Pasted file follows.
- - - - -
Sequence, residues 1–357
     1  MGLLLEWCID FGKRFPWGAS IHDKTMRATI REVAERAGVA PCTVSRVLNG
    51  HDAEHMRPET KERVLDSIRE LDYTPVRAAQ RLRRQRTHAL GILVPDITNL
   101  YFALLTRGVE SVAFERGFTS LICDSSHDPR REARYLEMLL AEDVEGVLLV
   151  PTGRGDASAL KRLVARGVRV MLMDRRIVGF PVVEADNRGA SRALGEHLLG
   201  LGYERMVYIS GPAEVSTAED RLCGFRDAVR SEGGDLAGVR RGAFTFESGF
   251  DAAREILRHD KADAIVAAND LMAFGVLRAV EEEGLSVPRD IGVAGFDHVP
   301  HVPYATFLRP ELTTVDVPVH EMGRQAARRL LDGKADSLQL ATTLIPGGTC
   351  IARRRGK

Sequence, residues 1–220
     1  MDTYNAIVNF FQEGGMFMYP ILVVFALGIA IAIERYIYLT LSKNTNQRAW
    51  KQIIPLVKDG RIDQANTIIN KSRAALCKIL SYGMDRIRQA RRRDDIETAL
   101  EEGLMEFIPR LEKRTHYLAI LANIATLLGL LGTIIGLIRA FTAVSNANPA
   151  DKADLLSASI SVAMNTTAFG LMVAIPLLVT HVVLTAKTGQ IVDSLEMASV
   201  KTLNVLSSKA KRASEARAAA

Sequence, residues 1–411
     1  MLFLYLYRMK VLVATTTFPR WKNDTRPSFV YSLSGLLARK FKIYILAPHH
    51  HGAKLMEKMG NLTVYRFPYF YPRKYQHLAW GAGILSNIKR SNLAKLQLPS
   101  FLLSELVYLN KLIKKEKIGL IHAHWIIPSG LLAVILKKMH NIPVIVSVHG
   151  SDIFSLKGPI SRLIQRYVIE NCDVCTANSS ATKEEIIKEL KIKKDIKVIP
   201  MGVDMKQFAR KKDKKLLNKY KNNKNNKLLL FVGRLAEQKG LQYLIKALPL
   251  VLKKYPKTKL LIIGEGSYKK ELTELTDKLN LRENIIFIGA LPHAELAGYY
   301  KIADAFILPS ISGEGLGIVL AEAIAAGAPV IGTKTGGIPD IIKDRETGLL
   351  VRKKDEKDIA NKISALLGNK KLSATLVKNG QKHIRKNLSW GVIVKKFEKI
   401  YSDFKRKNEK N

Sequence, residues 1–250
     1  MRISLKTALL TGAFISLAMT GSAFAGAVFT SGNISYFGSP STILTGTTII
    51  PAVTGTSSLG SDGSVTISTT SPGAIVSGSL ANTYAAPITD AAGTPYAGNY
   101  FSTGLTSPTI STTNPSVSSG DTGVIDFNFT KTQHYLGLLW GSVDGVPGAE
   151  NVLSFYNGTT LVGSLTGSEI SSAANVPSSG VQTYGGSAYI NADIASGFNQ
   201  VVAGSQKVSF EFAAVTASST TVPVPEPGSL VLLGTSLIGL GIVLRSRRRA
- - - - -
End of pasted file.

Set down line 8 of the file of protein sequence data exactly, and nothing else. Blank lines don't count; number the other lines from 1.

   301  HVPYATFLRP ELTTVDVPVH EMGRQAARRL LDGKADSLQL ATTLIPGGTC